I will post more information as the debate becomes public.


Friday, February 09, 2007


This is beginning to look like the worst weather we have had for several years. By all accounts all the extra grit bins that have gone in over the last few years are being put to good use. If your neighbourhood still needs a bin, please let us know.

Several people have reported running out of grit, eg Rockford Road, Wensleydale Road, and I understand the council crews should have been round today topping up bins.

There was a water leak on Cliveden Avenue and, again, it seems Severn Trent were very prompt at stopping it.

It has been pleasing to get positive responses to problems today from officers at the highways department, especially as they must be very busy indeed.

Please let us know the area(s) where there were traffic problems so that these can he highlighted as areas that need to priortised in the future.

Sunday, February 04, 2007

Cycle speedway

Following discussions with local councillors and officers a solution has been found to enable the track to be repaired. Over the last few weeks there have been numerous discussions to find a way forward for the club. Funding for the repairs has been identified and we will be continuing to work with the club to prevent them from having to struggle again.

Here's a picture of Perry Hall Park at sunset today. Jez the warden is now painting the gates in traditional Victorian colours. The transformation continues!

Questions were being asked at the ward committee on Monday about getting changing facilities in the park.

The following points emerged:
Perry Barr district has made bidding for capital funds for the project a priority;
the cricket teams currently pay a lower rate for using a facility without changing facilities;
during the summer portaloos are installed, paid for by community chest and neighbourhood renewal fund from the surrounding wards, Perry Barr, Handsworth Wood and Lozells.

Monday, January 22, 2007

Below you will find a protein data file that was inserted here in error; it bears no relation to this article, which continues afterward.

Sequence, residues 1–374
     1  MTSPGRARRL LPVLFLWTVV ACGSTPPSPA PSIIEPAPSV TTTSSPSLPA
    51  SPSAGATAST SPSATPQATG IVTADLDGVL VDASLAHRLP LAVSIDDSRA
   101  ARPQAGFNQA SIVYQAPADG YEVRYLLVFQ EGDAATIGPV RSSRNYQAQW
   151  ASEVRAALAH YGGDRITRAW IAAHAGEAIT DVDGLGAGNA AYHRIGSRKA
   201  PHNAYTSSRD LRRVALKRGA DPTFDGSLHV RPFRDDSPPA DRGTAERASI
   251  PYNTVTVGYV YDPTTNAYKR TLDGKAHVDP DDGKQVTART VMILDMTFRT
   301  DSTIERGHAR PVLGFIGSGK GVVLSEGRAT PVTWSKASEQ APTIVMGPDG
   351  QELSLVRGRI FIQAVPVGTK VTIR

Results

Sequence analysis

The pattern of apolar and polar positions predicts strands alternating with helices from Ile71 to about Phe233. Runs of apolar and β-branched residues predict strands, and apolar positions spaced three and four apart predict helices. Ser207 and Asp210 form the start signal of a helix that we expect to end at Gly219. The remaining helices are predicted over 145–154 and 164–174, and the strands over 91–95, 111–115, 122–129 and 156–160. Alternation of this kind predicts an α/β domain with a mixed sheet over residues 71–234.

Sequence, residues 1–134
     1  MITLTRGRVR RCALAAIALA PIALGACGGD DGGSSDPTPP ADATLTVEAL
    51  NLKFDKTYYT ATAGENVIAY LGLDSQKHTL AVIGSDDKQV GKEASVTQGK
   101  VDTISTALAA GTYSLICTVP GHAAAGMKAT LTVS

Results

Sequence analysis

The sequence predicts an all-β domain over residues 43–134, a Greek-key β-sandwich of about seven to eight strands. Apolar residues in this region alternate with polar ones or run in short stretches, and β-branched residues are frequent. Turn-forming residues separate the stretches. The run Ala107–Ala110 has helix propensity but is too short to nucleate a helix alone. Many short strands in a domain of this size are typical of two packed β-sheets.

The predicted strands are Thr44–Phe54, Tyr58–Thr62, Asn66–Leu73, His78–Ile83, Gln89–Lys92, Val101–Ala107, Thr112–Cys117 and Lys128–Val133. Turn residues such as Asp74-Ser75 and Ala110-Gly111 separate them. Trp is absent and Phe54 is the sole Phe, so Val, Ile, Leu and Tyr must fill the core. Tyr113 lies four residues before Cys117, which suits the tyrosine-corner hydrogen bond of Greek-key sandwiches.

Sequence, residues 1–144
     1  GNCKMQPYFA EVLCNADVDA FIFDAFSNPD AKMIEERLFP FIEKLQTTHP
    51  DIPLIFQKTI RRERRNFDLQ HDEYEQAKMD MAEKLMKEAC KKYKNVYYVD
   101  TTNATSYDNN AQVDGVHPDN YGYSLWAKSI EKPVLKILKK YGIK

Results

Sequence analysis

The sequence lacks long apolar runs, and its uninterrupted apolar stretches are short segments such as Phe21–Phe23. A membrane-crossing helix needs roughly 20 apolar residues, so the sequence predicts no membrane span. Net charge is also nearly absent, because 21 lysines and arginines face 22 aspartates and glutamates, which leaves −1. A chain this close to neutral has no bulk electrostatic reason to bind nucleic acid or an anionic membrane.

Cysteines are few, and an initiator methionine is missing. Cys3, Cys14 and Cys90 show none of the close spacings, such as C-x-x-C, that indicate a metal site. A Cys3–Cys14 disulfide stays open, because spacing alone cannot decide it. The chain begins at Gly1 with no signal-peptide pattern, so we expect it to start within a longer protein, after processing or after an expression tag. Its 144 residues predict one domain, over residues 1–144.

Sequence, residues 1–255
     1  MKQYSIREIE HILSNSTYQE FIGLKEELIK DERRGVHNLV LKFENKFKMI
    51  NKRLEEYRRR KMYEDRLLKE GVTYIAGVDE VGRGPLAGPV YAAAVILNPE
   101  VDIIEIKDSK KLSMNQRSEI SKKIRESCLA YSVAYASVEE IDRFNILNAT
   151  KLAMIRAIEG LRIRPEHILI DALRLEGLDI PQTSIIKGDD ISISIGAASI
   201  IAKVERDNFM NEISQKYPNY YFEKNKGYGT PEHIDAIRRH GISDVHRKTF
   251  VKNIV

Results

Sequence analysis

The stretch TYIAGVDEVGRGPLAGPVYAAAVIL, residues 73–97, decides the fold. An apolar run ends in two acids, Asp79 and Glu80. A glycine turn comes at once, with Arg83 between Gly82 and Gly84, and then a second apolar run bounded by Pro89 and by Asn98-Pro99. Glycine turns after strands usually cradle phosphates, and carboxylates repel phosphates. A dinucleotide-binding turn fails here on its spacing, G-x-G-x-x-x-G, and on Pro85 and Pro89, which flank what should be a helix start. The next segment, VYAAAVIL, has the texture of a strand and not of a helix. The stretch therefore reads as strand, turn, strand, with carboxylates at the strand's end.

Hospital alarm

Alarming changes to our local hospitals will also be under discussion at the ward committee next Monday (that's 7pm at Rocky Lane Methodist Church, Monday 29th).
The project team are coming to explain their proposals. I'm not expecting to feel comforted.

The first wave of changes would strip children's wards and emergency surgery from City Hospital.

Then there's 2010 - or probably much later than 2010 - when they plan to replace all major services at City and Sandwell Hospitals on a new site in Grove Lane, Smethwick.

I spoke on this subject at the city council meeting two weeks ago and was interested to discover that the Grove Lane they mean is the one at Cape Hill, not the one that runs down from Soho Road. There are no maps in the consultation documents to explain.

Local people use both hospitals. My children were all born at Sandwell Hospital. Grove Lane, Smethwick, is approached via the Rabone Lane industrial estate from north west Birmingham. I've used that route a few times, it's a useful cut-hrough but we've also had some nasty bumps along there. I guess the ambulances might use the motorway.

Also alarming when Good Hope, our third local hospital, is going under the wing of Heartlands. I was on the community health council when City and Sandwell were sandwiched together under the same management. We were assured repeatedly that it was purely a management reorganisation to save on the costs of bureaucracy. Some of us were pretty certain it was not - and how right we were. If City had gone under the same management as Good Hope the new hospital would be going up in Witton, by Spaghetti Junction, and THAT'S WHERE IT SHOULD BE! A few years ago in fact there was a report in the papers warning that the region could end up with one super-hospital at just this site. No chance!